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30 points

1. (3 points)

Prove that if G has two vertices u and v such that G u and G v are both trees, then

degG (u) = degG (v).

Ans. Note that if G1 := G v and G2 := G u are trees, then both have n 2 edges, since a tree

on n 1 vertices must have n 2 edges. Moreover, note that G u has size |E(G)| deg(u)

and G v has size |E(G)| deg(v). Thus we have

|E(G)| deg(u) = n 2 = |E(G)| deg(v),

and thus deg(u) = deg(v).

2. (4 points)

Prove that every tree T with (T ) = , has at least leaves (end-nodes).

P

Ans. Suppose that a tree T has k leaves. We use the handshake lemma, i.e. vV (T ) deg(v) =

2|E(T )|. We have

X

2(n 1) = 2|E(T )| = deg(v)

vV (T )

X X X

= deg(v) + deg(v) + deg(v)

vV (T ):v is a leaf vV (T ):deg(v)=(T ) vV (T ): 2deg(v)(T )1

k + + 2(n k 1) = 2n k 2 + (T ).

Thus 2(n 1) 2n k 2 + (T ), and consequently k (T ).

Alternative Ans. Let v be a vertex of degree (T ) of T . Note that T v has no cycles. Hence it is a forest,

and since T v is of size n 1 and order n 1 it must have (T ) connected components

(recall from class that a forest with k connected components and n vertices has n k edges).

Each connected component of T v is a tree, meaning it has at least two leaves, unless the

connected component is simply an isolated vertex. If a connected component is an isolated

vertex, say w, then v is a neighbor of w, hence making w a leaf of T . If a connected component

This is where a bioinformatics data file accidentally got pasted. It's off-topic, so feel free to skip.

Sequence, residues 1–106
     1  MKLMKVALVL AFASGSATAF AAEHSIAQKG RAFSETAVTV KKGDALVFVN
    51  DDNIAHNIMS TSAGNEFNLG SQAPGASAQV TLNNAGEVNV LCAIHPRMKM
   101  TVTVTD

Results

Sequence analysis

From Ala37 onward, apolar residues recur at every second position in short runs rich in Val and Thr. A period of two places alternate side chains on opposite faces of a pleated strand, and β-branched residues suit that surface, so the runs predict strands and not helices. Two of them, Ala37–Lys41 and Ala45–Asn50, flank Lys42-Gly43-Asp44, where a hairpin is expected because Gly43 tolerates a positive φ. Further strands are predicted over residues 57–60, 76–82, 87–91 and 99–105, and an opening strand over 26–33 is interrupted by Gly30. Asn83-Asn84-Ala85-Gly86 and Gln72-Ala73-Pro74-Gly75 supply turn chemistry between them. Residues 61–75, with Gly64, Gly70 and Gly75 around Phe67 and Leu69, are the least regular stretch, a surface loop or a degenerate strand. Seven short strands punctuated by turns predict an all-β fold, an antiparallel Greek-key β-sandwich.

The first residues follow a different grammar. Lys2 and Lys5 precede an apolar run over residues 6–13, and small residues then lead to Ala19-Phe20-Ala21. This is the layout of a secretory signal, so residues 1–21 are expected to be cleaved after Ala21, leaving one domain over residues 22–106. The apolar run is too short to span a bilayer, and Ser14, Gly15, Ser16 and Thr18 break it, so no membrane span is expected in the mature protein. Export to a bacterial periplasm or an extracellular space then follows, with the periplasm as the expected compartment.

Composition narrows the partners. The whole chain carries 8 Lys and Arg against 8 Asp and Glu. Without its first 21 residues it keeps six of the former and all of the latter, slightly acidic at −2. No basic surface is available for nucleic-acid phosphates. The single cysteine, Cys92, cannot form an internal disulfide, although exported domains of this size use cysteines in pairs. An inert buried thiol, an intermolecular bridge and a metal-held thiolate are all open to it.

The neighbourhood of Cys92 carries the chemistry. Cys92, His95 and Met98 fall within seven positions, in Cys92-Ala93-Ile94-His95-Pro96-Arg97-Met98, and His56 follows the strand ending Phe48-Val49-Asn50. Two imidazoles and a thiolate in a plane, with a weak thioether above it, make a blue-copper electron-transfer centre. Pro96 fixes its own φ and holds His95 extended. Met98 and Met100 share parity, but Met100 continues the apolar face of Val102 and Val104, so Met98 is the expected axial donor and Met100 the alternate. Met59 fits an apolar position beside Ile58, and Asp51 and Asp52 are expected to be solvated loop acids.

is a tree on at least two vertices, then it has at least two leaves, and v can be adjacent to

at most one of these two leaves. As a result at least one of the leaves of this connected

component of T v is a leaf of T also. Hence, each connected component of T v contributes

at least one leaf to T , and hence T has at least (T ) leaves.

3. (4 points)

Find all trees T such that T is also a tree.

Ans. Let T be a tree on n vertices such that T is also a tree. We know that T must have n1 edges,

and similarly T has n 1 edges. Hence, |E(T ) E(T )| = 2(n 1). However, by the definition

of complements of graphs, E(T ) E(T ) = E(Kn ) and hence |E(T ) E(T )| = n2 = n(n1)

2 .

Hence, 2(n 1) = n(n 1)/2, giving n(n 1) = 4(n 1). This equality can hold only if n = 4

or n = 1. Thus there are only two solutions for such n, either the trivial one-vertex tree, or

the tree P4 on four vertices.

1

4. (3 points) (Book 5.12) If a graph G contains three blocks and k cut-vertices, what are the

possible values of k. Explain your answer.